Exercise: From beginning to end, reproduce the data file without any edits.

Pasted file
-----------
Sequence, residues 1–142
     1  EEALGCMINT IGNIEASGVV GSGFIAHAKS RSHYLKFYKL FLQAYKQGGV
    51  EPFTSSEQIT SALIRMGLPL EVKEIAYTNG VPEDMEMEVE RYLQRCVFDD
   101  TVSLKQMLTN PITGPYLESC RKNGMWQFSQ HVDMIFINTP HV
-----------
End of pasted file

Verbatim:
Sequence, residues 1–142
     1  EEALGCMINT IGNIEASGVV GSGFIAHAKS RSHYLKFYKL FLQAYKQGGV
    51  EPFTSSEQIT SALIRMGLPL EVKEIAYTNG VPEDMEMEVE RYLQRCVFDD
   101  TVSLKQMLTN PITGPYLESC RKNGMWQFSQ HVDMIFINTP HV